One Vanderbilt. Credit: Raimund Koch.

Hudson Yards. Credit: Connie Zhou.

Brooklyn Point. Credit: Aaron Fedor.

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ULI Hosts Tours of KPF Projects at 2024 Spring Meeting

As part of the biannual conference in April, the Urban Land Institute guided tours of significant projects around New York, including highlighting East Midtown’s rezoning with One Vanderbilt, the creation of Hudson Yards, and Brooklyn Point’s contributions to the neighborhood’s residential renaissance.

The tour “Revitalization of Office on Park Avenue” guided the group through Midtown East’s rezoning, which allows for 6.5 million square feet of new office space to be introduced over two decades to modernize the area’s aging building stock. The tour focused on One Vanderbilt, the tallest office tower in the neighborhood, which opened in 2020 with a new pedestrian plaza and introduced transit infrastructure improvements to ease congestion on subway platforms, improve circulation around Grand Central Terminal, and create new access via Grand Central Madison. Following a tour of One Vanderbilt, the group continued through the neighborhood with a stop at 343 Madison Avenue, a 49-story, 750,000-square-foot office tower currently under construction.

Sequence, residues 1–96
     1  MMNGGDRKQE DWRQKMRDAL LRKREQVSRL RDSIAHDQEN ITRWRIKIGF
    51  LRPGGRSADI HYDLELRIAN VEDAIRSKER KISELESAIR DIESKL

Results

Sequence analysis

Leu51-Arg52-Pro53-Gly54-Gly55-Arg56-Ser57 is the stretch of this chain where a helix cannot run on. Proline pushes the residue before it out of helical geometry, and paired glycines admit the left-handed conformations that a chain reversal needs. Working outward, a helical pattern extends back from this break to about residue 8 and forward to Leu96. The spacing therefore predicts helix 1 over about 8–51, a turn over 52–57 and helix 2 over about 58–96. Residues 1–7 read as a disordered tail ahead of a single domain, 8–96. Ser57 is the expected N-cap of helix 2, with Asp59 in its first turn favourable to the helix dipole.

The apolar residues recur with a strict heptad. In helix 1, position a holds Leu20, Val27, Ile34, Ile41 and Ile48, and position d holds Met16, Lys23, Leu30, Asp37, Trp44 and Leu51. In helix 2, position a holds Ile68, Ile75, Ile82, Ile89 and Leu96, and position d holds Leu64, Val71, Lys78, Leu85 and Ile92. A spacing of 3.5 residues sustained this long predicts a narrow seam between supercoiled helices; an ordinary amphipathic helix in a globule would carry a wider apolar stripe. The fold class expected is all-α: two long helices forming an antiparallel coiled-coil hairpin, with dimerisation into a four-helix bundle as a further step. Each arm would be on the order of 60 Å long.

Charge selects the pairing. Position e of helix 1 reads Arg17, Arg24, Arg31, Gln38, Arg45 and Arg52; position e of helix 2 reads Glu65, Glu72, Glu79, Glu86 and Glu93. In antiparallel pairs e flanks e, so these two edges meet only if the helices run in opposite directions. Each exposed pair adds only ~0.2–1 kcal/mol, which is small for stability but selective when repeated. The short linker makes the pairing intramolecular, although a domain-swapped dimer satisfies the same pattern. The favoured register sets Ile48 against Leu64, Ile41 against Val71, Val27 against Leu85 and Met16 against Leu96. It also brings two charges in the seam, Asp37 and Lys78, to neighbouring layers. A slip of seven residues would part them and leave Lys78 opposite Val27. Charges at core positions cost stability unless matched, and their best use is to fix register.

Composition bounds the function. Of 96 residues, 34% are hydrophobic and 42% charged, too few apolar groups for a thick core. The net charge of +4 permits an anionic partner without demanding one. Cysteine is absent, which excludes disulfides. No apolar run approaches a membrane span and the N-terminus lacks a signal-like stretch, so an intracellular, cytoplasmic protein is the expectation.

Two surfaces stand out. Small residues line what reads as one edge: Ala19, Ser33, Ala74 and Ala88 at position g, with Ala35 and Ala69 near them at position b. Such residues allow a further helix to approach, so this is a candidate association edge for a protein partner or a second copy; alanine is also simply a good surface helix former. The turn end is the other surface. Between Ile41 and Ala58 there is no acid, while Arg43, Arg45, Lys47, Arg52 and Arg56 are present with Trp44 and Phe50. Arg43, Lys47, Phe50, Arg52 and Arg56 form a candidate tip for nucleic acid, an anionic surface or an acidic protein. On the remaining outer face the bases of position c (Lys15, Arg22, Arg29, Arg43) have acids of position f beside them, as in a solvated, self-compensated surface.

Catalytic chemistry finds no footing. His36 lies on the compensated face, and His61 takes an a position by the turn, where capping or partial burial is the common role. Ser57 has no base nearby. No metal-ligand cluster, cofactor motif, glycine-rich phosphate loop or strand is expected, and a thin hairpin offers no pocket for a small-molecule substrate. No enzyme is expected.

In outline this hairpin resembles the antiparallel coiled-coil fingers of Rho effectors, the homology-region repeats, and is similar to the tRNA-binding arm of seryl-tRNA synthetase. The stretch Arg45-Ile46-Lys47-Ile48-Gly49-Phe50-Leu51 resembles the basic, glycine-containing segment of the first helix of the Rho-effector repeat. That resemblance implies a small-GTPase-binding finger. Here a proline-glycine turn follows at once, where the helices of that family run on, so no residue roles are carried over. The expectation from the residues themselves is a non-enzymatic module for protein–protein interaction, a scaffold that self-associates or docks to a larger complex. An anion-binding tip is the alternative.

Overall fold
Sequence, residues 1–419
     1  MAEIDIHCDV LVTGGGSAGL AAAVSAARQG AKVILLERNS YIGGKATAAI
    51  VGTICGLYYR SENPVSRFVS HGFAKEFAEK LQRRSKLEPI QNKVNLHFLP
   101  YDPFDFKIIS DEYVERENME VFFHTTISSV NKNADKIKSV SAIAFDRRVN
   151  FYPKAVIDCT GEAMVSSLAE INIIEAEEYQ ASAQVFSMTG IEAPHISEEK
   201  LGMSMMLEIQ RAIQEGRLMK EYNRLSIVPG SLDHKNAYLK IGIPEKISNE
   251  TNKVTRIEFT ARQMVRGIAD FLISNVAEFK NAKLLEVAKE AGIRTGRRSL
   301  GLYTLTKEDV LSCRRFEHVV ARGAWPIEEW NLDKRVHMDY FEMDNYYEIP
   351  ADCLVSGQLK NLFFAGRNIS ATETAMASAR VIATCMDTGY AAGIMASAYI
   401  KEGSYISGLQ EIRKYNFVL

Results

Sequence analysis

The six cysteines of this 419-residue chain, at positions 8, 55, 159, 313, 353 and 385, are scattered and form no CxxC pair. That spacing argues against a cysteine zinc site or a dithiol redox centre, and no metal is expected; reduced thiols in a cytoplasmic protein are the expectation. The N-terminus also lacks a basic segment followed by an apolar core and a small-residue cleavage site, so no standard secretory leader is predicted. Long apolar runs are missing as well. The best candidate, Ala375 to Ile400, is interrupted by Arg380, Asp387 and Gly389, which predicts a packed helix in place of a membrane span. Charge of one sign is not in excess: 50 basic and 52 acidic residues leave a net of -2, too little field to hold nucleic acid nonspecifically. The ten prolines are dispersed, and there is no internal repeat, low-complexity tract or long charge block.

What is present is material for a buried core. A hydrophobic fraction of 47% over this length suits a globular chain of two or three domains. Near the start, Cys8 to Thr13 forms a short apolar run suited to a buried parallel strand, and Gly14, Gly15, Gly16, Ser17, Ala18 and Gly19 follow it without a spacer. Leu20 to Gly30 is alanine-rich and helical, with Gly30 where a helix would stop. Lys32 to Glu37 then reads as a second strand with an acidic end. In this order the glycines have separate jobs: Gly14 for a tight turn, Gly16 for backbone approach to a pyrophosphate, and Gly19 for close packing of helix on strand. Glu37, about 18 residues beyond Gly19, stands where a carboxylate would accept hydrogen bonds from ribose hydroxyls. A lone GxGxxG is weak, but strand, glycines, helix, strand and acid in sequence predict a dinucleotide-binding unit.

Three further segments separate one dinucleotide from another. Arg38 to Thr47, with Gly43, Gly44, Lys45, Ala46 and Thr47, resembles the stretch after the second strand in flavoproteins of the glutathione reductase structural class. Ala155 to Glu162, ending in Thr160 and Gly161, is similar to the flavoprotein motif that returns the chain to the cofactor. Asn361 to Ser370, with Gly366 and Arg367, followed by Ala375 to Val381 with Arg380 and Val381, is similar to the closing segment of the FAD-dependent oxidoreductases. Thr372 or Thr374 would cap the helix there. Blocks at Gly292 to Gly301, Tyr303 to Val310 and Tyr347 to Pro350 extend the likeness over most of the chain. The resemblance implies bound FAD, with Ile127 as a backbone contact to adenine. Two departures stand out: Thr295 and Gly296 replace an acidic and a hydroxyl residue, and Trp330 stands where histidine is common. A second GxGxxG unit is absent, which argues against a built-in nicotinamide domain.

On the west side of Manhattan, “The Making of New Neighborhood” explored the transformation of what is now Hudson Yards from a desolate open space above the Long Island Rail Road train yard into the largest private real estate development in U.S. history and Manhattan’s first LEED Gold Neighborhood Development. With proximity to Moynihan Train Hall and the extension of the 7 subway line, Hudson Yards is an easy-to-access hub for residents, office workers, and tourists alike, organized around 14 acres of public space. The tour looked at the engineering and development challenges of building over active railways and the thesis for its success.

Looking at the residential revival in Downtown Brooklyn, “The Brooklyn Renaissance” examined the neighborhood’s 2004 rezoning, which was as a catalyst for transformative residential projects. The tour began with CityPoint, a mixed-use complex that incorporates a food hall, retail space, and Brooklyn Point, a 720-foot tower with 458 residences and the city’s highest infinity pool. Additionally, residents have access to over 40,000 square feet of amenities including an indoor pool, fitness center with a rock-climbing wall, and a children’s playroom.

The 2024 ULI Spring Meeting took place from April 9 to 11 in New York City. Along with site and building tours, additional KPF-featured events included a presentation from Principal Forth Bagley on central social districts and a session led by Director Carlos Cerezo Davila on embodied carbon.